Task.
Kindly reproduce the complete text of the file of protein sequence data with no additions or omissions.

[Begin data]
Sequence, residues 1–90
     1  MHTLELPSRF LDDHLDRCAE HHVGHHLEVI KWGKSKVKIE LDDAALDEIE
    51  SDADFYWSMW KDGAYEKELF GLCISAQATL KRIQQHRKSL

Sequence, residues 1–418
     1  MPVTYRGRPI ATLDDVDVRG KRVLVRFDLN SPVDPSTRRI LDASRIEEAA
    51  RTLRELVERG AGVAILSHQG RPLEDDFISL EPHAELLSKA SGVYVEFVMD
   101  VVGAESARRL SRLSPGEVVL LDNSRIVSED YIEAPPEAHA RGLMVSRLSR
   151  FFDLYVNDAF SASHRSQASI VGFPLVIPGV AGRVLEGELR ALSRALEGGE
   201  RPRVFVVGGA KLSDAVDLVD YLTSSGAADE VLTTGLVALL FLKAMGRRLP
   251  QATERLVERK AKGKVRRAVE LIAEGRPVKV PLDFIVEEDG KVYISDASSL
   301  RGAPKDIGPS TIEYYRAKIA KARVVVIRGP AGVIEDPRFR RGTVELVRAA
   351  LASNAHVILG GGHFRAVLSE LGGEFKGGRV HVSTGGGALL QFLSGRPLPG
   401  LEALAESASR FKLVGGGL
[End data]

Sequence, residues 1–90
     1  MHTLELPSRF LDDHLDRCAE HHVGHHLEVI KWGKSKVKIE LDDAALDEIE
    51  SDADFYWSMW KDGAYEKELF GLCISAQATL KRIQQHRKSL

Sequence, residues 1–418
     1  MPVTYRGRPI ATLDDVDVRG KRVLVRFDLN SPVDPSTRRI LDASRIEEAA
    51  RTLRELVERG AGVAILSHQG RPLEDDFISL EPHAELLSKA SGVYVEFVMD
   101  VVGAESARRL SRLSPGEVVL LDNSRIVSED YIEAPPEAHA RGLMVSRLSR
   151  FFDLYVNDAF SASHRSQASI VGFPLVIPGV AGRVLEGELR ALSRALEGGE
   201  RPRVFVVGGA KLSDAVDLVD YLTSSGAADE VLTTGLVALL FLKAMGRRLP
   251  QATERLVERK AKGKVRRAVE LIAEGRPVKV PLDFIVEEDG KVYISDASSL
   301  RGAPKDIGPS TIEYYRAKIA KARVVVIRGP AGVIEDPRFR RGTVELVRAA
   351  LASNAHVILG GGHFRAVLSE LGGEFKGGRV HVSTGGGALL QFLSGRPLPG
   401  LEALAESASR FKLVGGGL